If debounce doesn’t work for you, you can start a delay timer when the button is pressed. Negate the delay-ACT output (using “not” node). You can now use this signal to either activate a “gate” node, or just “and” it with the button press output. Either solution will cause button press to be ignored while the delay is active.
Usually “gate” would be used to disable a button like this:
But in this case, a simple “and” has the same affect:
In both cases, the “defer” node is used only because you are feeding output back up the program, creating a loop. XOD will not allow loops like this without the “defer” because it would create unstable output depending on order of execution.
You want the button to be active when the delay node is not active, hence the “not” node to invert the output that is fed back up to the “gate” or “and” node.
Note that the delay and flip-flop are triggered by a pulse. In this case, we are feeding boolean output to them. There will be an implicit “pulse-on-true” used to convert boolean to pulse. This means they are only triggered on change from false to true. If your FOB reader is glitchy, and tends to turn off and back on while the card is present (or if you remove the FOB and return it shortly after), that is when another pulse is sent to flip-flop & delay. If you want the delay to keep resetting as long as the FOB reader is pulsing, you can connect the delay-SET directly to the reader instead of feeding it from the “gate” or “and” node. As long as the reader glitches before the delay timer expires, it would reset the delay timer. You would have to remove the FOB for the timeout period, then place it in the reader again to change lock state a 2nd time with this modification. As written above, the 1st glitch after the delay timer expires would change lock state again (which will happen even with the modification if the glitch doesn’t happen within the timeout period to set the delay timer again).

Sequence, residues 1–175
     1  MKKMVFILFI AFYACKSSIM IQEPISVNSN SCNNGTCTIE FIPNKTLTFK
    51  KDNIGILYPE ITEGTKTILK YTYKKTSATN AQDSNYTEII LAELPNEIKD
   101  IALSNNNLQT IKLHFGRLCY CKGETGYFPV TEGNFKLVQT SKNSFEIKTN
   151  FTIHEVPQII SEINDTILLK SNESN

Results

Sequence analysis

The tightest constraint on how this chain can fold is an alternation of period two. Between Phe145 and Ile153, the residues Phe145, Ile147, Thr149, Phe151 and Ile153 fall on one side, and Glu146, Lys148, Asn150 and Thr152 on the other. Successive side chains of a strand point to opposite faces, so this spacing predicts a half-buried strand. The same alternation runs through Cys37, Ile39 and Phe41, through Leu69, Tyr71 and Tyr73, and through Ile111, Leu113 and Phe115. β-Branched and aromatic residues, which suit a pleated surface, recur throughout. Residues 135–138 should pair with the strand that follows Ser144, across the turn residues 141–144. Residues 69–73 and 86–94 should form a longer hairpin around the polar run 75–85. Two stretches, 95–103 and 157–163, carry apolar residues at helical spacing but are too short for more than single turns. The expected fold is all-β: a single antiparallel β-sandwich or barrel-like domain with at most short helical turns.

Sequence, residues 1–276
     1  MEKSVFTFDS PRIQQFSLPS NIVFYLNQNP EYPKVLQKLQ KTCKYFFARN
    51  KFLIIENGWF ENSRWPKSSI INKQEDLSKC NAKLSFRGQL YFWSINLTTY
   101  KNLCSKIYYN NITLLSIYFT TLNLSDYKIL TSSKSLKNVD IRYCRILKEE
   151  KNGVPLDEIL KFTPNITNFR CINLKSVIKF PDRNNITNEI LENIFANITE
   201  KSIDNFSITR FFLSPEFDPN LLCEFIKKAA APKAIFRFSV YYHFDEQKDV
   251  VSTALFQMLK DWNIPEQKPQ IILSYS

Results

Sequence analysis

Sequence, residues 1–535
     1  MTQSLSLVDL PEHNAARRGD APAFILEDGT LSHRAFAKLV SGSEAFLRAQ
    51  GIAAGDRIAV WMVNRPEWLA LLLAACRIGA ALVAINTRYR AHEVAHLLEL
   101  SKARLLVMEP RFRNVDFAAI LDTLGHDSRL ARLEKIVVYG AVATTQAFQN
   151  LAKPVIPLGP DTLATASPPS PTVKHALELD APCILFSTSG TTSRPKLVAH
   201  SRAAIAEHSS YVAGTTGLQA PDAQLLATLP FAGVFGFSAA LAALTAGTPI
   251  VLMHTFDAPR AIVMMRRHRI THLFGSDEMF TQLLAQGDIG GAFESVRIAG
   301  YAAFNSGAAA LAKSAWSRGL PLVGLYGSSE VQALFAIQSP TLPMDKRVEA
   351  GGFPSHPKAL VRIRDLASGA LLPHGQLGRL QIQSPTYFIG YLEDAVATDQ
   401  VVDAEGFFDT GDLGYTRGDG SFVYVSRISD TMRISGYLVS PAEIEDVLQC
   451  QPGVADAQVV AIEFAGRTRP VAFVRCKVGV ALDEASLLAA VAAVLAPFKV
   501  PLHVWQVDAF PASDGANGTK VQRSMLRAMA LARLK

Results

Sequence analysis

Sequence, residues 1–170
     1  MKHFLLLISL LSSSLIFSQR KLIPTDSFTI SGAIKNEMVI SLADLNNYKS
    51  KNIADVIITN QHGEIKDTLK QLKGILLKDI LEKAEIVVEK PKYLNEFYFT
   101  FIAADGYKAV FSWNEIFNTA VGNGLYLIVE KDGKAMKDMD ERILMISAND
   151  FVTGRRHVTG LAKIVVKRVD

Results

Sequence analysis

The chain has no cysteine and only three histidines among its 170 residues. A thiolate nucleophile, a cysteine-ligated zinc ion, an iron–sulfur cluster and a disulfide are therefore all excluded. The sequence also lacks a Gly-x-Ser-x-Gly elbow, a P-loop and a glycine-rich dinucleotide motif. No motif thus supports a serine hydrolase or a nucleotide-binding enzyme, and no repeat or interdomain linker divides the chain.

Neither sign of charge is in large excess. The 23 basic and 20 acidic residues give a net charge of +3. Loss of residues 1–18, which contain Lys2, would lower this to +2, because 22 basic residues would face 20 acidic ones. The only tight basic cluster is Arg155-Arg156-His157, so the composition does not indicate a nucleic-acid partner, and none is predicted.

FYI: You will have less risk and probably save memory if you only use one lcd node and change the input pins instead of having multiple lcd nodes.
Since there are only two choices, you can change the text using an if-else. The flip-flop output will be the if-else-COND
If you wanted more choices, you could use “switch-case”, but in this case, “select” would probably work better. The same input that you now tie to your lcd-ACT pins would instead link to the select-S# pins.
By having only one lcd node, you also make it easier to modify the program in the future since there is only one place to change lcd configuration and all possible lcd values feed to the same location. Your implementation is not “wrong”, but it probably uses more memory and is higher risk (bad things happen if both become active at the same time–a low risk in this case…).
If the 1st line of text also changes, you can change it using the same technique.
There are exceptions, but as a general rule, if you have a single piece of hardware like LCD, there should probably be one node controlling it. If the LCD ends up hidden inside a patch used multiple times, you will end up with multiple LCD nodes and controlling the ACT pin becomes crucial. With only one LCD node, you can just leave ACT True; the node doesn’t “fire” unless one of the pins changes and ACT is True.